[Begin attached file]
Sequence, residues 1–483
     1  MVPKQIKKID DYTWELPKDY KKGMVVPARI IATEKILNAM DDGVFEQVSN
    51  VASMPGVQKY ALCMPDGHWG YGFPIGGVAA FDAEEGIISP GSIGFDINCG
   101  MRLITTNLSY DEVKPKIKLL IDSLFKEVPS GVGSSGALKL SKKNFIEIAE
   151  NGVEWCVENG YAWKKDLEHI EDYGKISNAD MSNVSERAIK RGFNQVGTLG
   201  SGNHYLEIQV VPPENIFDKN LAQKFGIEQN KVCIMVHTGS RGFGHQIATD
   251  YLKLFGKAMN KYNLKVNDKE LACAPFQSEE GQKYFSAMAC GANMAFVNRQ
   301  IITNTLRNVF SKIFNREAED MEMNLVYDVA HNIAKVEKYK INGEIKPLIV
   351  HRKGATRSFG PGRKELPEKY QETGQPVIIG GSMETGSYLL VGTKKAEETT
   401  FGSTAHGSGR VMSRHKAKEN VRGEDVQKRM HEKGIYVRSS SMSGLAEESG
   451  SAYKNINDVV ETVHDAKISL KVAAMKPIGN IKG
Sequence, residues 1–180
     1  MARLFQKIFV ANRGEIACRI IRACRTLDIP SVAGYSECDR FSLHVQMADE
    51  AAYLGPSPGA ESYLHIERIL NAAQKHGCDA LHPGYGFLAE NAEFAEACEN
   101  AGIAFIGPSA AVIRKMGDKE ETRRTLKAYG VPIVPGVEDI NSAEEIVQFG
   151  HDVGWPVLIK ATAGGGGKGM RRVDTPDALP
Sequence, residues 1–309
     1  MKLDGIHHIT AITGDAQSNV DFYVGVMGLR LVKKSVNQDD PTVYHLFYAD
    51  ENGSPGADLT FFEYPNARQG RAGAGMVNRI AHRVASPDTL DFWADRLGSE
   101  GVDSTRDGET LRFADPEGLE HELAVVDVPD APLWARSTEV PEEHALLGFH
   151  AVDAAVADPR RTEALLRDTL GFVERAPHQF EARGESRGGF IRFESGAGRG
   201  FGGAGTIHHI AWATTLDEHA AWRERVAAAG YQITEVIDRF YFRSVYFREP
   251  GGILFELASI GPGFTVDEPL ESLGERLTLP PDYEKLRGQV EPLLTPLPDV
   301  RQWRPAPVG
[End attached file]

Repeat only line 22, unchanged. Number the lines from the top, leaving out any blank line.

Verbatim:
   201  FGGAGTIHHI AWATTLDEHA AWRERVAAAG YQITEVIDRF YFRSVYFREP